Jeff: You’ve got two other books with Dreamspinner, “Boy Midflight,” which is an audio, and “Shadowlands,” an e-book and audio. Tell us a little bit about those.
Charlie: “Boy Midflight” is also receiving a rerelease with Dreamspinner on July 4th, which I’m excited about. It has a great new cover and, you know, was also broomed, and swept, and dusted through. So I think, again, it’s also a better book than the first edition. “Boy Midflight” is very much my story as a teenager, I would say. It’s a coming-out story and then with some kind of creative, imaginative flourishes moving on from there. But it’s about a young guy who’s going to a performing arts college in Victoria on Canada’s west coast, moves down to the States, and it’s kind of following his search for love along the way.
And then “Shadowlands” is a book of short stories. So it’s an anthology of kind of paranormal queer short stories. So that was really fun and definitely much darker than anything else that I’ve done. And I think that was maybe the most startling feedback that I’ve received, is people going like, “You wrote that?” Like, “Where did that come from?” You know, because they either know me as the bubbly host of the travel show “Bump!” constantly smiling, and joking, and having fun or, you know, from other acting work. But they’ve never kind of seen this, you know, kind of dark emo side, which, like, also exists, you know.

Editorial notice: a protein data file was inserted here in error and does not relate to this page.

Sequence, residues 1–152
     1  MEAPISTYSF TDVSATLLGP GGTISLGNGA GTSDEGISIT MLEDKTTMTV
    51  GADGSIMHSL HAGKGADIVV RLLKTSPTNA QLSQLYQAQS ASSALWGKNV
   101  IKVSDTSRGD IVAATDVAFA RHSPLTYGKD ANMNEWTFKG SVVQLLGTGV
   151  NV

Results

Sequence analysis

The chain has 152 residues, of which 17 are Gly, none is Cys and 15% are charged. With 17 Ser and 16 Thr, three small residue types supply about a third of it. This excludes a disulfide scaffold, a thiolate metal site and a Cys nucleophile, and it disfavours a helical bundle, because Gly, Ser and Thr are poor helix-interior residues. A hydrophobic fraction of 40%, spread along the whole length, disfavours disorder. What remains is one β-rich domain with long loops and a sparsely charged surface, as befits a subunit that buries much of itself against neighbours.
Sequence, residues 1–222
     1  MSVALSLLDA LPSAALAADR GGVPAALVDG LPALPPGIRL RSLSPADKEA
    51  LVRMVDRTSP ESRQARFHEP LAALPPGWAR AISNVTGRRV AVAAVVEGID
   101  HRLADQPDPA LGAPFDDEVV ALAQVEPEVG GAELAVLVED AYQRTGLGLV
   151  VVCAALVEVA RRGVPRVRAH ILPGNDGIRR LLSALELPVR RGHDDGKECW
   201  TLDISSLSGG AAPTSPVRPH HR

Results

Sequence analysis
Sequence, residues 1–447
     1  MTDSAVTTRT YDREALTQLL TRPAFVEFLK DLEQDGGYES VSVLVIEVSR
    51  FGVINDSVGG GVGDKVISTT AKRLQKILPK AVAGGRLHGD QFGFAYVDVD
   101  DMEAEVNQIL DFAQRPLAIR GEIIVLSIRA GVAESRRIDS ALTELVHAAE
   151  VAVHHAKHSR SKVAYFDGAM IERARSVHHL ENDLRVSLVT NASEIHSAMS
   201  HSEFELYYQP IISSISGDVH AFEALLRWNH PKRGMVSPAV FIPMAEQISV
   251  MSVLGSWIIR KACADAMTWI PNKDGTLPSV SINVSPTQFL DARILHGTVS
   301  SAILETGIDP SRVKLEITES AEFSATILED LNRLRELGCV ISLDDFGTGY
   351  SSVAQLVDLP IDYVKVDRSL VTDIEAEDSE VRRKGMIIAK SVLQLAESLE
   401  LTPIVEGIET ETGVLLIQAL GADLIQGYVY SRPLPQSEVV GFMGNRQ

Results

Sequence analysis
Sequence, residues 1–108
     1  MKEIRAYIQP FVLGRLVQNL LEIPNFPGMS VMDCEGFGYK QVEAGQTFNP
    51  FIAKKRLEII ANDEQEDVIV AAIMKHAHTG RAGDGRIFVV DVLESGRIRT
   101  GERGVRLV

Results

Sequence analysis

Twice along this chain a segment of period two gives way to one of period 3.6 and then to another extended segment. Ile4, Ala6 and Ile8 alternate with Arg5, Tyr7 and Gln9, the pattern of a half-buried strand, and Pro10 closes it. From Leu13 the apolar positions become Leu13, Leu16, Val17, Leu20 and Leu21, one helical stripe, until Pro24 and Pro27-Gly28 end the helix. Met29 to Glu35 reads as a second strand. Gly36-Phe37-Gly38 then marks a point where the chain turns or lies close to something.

So in ways, that was maybe one of my favorite books to write just because it was so freeing that it’s short form. It could be kind of anything. There’s prose in there, there’s poetry. So yeah, and that one’s out on e-book, paperback, and audiobook as well.
Jeff: That must have been a fun audio to record, going between the prose and the poetry, and some of that darker stuff.